My upcoming Christmas novella, The Boys Upstairs, will be an ebook but nevertheless have a cover. I’ve been contacted by the artist, who wanted me to do things like refine what I meant by “house.” (Because, as it turns out, I can say “house” and an artist then visualizes fifty different kinds of house without the slightest difficulty.)
While deobfuscating my non-artistic scrawl on the “cover suggestions” sheet, it occurred to me that the artist might want to illustrate one of the actual characters. Fortunately for me, Wendy had drawn one long ago, when the story was in its first incarnation.
Meet Jay, former wild youth on the rocket train to a lifetime in jail, injured during the war in Iraq, converted while in the hospital (a la St. Ignatius Loyola, whose feast day is tomorrow) and afterward ordained a priest. His injuries left him legally blind and with several physical disabilities due to nerve damage.
His brother, formerly his partner in crime and now a cop, is estranged from him. The story opens with Jay’s brother bringing three homeless kids to the rectory. For more than that, you’ll just have to wait.
Our scanner is kaput, so I photographed the drawing in the frame and emailed that to the artist. Afterward I displayed it on one of the book shelves in our library. (It should be our formal living room, but it looks like a Barnes and Noble vomited all over it, so we just say “the library.”)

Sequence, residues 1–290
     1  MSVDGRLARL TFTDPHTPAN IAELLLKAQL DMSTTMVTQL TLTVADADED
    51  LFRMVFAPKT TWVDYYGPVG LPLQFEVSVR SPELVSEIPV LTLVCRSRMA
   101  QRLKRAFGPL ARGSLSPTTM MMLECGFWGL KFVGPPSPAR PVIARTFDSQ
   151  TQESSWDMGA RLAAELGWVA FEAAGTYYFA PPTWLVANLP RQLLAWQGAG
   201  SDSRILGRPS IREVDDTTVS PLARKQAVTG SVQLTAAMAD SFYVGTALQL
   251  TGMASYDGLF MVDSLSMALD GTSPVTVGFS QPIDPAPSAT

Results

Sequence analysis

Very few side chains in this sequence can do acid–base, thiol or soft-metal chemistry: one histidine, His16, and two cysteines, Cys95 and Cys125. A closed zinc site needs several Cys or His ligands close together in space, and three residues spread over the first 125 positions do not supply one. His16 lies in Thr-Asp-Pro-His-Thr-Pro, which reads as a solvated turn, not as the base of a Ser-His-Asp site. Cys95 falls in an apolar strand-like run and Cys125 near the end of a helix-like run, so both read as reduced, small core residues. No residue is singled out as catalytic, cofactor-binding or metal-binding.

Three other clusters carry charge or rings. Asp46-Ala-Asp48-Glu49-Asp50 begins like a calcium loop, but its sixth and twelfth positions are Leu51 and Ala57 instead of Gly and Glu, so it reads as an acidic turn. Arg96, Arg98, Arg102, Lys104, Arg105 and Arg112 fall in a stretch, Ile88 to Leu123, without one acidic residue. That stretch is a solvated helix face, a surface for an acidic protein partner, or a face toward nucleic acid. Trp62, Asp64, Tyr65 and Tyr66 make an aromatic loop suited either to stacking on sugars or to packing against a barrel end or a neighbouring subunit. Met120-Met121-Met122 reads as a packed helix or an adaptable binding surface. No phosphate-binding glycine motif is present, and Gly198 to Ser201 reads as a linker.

The next day, while I was upstairs with the baby, Kiddo#1 came into the room and said, “I have a paper cut.” He got a band-aid and went back downstairs.
A few minutes later he returned saying, “I need another band-aid.” This time I took a look, and he’d sliced two of his finger tips. Okay, I said to myself as I patched him up, this ought to be good.
Somehow, Kiddo#1 informed me, the picture of Father Jay had toppled off the bookshelf — he had no idea how, and it certainly had nothing to do, not even a little, with their game of BalloonBall taking place in the library — and the glass had shattered. Ever the brilliant kid, Kiddo#1 stated that “Mom will be very, very imaginative in coming up with a punishment for this” and reached the only possible conclusion: he should try gluing the shattered glass back together.
His IQ is something like 350, you see, but he comes up with the same kind of Patented Brilliant Ideas as his mother.
I threw out the big pieces, vacuumed up the rest, and then surgically extracted Father Jay from what remained of the frame. How could I be angry: it was merely a case of life imitating art!
I have purchased another frame for Father Jay, and he has received an honorable discharge from the book shelf. I have not been very creative in punishing the kids. This story, however, has gone onto the internet, something Kiddo#1 will find more humiliating than the most humiliating punishment I could possibly devise.
I’m such a mean mom.